After the movie, more chocolate bark products were eaten, and we all passed out by 10.

Oh, happy day!

Monday, January 03, 2005

December 24th, Part 2:
After fondue, we all took naps. My mom sat upright on the couch with her mystery novel propped up in her lap, but she wasn't fooling anyone. Her mouth kept falling open and little snorkling noises would come out of her throat.

I curled up in my standard armadillo position and tucked my head under an afghan, hoping we would all fall deeply asleep and miss going out to the 11 o'clock church service downtown.

But mom was determined to go.

So at quarter to, Kristi, mom and I piled into the car and headed over to the church, where we wandered around, looking for a door. The building itself was huge and imposing, gray stones all looking very gothic, and there were only two small wooden doors, as far as we could see, bearing black metal hinges like the door to a steakhouse. We spotted a handicap ramp and figured, well, we're all a little handicapped, and rattled on the door until someone from the choir came out of the dressing room to see what all the rucus was about.

We should have gone through the steakhouse door.

Once we got settled in towards the back, mom nestled between us, I staged a raid on the donation envelopes, which were labeled "PEW OFFERING." I mean, come on.

The lessons were given by a woman with a walleye, very cute, one eye rolling dramatically to the right while the other looked straight ahead.

The minister gave a sermon on how baby Jesus was really born in the heart of the innkeeper's house, as that's where people in those times kept their animals.

A large man in front kept shouting out answers to the mininster's rhetorical questions.

A smaller man in the row ahead of us got a nasty case of the hiccups. The walleyed woman eventually came and sat down next to him.

The choir sang a bunch of songs and rang large bells.

I was so tired I could hardly keep my eyes open.

My sister nudged me and asked if I was going to take communion. I told her that I hadn't been to confession and that I'd probably burst into flames, my standard excuse for not partaking in the freaky cannibalistic ceremony that is transubstantiation. She whispered back that we were at a LUTHERAN church and that I didn't need to go to confession first. Oh, right.

We took communion. We dipped our wafers into a mug of wine held by a ten year old girl. My sister went for the grape juice, which is a popular alternative in this age of recovering alcoholics. She started to dip her wafer and the guy holding the glass said, "This is grape juice, but it's still the blood of Christ, shed for you."

"What?" she said, tilting her head to hear above the organ and the warbling of the congregation singing.

"Grape juice, not wine. But still the blood of Christ, shed for you," he repeated, leaning in.

"I'm sorry, I can't hear you," she stepped over and got within six inches of his face.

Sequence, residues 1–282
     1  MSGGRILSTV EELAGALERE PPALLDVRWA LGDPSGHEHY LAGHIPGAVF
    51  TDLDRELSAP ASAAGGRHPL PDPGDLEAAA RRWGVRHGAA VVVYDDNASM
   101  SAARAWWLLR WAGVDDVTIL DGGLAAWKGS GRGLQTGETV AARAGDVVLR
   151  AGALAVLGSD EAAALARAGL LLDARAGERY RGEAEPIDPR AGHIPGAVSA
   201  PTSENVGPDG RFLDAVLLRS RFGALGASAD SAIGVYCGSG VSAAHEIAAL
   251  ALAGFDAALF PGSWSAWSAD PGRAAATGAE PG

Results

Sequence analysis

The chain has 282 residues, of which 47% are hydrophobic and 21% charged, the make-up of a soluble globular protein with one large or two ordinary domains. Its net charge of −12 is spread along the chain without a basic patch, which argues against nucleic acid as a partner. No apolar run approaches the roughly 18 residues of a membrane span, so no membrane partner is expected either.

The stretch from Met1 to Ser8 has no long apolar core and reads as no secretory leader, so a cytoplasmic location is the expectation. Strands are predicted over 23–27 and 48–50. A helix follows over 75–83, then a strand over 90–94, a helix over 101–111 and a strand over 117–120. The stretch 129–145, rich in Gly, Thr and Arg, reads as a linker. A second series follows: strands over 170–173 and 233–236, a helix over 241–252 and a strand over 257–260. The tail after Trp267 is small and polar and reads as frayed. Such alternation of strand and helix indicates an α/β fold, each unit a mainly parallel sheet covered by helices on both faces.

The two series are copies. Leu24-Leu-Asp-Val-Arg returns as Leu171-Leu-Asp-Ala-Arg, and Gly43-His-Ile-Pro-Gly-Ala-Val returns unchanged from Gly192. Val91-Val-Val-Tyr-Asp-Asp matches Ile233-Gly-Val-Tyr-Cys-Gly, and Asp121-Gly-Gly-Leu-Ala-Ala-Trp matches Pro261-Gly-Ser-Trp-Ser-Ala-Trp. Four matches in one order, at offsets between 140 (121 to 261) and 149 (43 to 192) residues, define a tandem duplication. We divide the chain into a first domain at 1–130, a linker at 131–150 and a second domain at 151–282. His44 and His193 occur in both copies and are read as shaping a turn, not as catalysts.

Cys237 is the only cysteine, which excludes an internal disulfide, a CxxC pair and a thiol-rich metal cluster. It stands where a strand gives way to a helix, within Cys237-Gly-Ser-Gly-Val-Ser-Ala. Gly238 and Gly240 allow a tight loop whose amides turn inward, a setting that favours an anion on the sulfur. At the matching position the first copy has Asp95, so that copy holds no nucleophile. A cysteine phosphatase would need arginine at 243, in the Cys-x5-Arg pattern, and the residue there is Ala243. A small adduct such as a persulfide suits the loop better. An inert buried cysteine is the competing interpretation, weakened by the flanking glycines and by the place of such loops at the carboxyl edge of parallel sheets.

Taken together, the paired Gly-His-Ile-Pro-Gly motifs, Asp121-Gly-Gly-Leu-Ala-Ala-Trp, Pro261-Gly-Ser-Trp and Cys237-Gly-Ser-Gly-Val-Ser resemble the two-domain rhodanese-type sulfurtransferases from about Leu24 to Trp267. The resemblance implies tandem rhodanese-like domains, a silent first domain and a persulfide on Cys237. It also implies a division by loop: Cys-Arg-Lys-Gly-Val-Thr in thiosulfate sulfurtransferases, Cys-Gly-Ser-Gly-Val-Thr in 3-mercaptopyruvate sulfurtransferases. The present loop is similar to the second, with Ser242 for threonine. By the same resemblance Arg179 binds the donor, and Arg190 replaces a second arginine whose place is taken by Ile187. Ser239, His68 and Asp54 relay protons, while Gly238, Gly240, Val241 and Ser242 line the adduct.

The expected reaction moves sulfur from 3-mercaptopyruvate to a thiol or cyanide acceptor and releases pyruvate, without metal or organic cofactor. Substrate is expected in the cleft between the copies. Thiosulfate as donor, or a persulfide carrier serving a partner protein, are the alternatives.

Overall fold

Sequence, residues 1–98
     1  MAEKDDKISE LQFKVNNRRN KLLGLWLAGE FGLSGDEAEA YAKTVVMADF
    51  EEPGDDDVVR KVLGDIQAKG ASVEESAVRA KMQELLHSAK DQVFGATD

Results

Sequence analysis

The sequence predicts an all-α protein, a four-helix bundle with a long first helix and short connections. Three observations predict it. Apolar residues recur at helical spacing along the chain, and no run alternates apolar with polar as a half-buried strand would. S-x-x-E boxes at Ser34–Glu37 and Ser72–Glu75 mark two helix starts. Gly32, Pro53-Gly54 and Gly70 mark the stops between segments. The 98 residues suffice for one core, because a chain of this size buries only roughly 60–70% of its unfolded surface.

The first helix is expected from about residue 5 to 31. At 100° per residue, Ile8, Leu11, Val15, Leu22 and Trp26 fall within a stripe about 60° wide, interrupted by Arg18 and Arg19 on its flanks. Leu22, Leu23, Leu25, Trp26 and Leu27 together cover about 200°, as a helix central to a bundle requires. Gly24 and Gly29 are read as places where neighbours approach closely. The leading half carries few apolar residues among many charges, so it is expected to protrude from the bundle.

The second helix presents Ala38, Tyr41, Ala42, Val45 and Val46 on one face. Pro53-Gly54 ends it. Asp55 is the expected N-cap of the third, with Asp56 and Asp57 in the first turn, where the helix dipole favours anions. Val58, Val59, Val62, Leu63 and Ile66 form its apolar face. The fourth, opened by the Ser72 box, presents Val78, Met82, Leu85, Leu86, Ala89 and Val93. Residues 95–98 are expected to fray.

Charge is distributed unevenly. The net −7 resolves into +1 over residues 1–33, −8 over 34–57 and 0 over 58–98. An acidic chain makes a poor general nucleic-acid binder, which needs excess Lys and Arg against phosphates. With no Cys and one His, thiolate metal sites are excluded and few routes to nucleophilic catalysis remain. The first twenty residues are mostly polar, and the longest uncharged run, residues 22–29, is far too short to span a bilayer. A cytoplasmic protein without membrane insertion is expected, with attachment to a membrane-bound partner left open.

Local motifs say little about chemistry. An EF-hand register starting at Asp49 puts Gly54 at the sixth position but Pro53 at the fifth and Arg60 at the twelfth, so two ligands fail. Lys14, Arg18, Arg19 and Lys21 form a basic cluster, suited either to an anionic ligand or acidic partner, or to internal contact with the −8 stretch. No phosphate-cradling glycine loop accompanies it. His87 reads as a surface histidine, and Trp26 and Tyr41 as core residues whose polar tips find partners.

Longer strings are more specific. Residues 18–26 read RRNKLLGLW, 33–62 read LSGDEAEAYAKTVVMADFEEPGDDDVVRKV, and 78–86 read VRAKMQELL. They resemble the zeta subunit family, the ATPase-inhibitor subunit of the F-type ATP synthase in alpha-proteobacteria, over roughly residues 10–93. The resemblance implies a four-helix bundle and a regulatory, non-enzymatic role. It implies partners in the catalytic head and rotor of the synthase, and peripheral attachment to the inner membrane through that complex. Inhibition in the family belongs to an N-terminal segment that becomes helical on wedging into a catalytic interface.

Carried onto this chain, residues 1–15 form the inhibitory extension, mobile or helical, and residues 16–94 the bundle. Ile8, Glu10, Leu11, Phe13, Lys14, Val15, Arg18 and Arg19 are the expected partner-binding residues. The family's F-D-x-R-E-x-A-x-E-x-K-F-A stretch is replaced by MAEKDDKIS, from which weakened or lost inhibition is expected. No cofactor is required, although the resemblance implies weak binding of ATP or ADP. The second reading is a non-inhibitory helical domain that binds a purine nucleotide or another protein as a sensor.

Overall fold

"It's GRAPE JUICE!" the man finally raised his voice and shattered the illusion.

She dipped her wafer and stared at him, then turned and walked away.

I was having my own difficulties. The woman in front of me was wrestling with the ten year old, trying to grab the goblet from her to take a drink, a much more traditional way of doing things, although not nearly as sanitary. The kid was holding her own, attempting to stop it, but the minister intervened and let her take a drink, then wiped the edge of the glass and continued as if nothing had happened. I was paralyzed. I'm sort of an obsessive-compulsive freak, and along with that particular disorder comes a great fear of other people's mucus. If I dunked my wafer in there, it would be like kissing her, and who knew where she had been. We're all children of God, my ass! After a slight hesitation, I felt my mother push me with a hand to the small of the back. I dipped into the contaminated wine and put the wafer in my mouth and rubbed my tongue against the roof of my mouth with vigor, in an attempt to psychologically crush the germs that might have been in my few drops of the blood of Christ, shed for me.

When we got back to the pew, mom slid in first, leaving the two of us to sit next to each other. Bad move. Inappropriate laughter ensued, starting with giggles at the chorus to "Most highly favored lady, AMEN!" The hiccup guy couldn't get it under control. Neither could we. The whole pew vibrated with our shaking laugher. The choir walked through the aisles and the guy in front of us high fived one of the tenors. We lost it. People around us glared.

Mom ignored us.

Everyone said an "Our Father" outloud. The last half has been rewritten and revised so many times that no one knows what it originally was. Everyone diverged and said it the way they learned it. It sounded awful, everyone talking at once but with no unification. Kristi hee-hawed. Mom smacked her in the arm.

Mercifully, it ended. We left by the front door on the way out and shook the minister's hand. I caught a glimpse of hiccup man and the walleye woman. I started laughing all over again.

"You are going straight to hell," Kristi giggled in my ear.

"So are you, most highly favored lady," I snorted back.